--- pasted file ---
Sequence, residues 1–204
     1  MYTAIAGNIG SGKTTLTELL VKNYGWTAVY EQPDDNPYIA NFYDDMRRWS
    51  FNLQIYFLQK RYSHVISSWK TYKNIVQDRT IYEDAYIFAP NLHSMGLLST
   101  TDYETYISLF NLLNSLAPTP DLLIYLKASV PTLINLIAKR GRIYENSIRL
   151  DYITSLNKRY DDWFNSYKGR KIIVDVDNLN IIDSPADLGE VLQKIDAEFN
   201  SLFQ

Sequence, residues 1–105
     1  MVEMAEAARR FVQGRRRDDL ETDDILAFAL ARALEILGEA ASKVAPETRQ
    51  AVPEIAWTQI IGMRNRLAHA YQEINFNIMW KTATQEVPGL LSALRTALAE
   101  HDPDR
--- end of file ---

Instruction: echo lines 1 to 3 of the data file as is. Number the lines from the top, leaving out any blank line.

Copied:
Sequence, residues 1–204
     1  MYTAIAGNIG SGKTTLTELL VKNYGWTAVY EQPDDNPYIA NFYDDMRRWS
    51  FNLQIYFLQK RYSHVISSWK TYKNIVQDRT IYEDAYIFAP NLHSMGLLST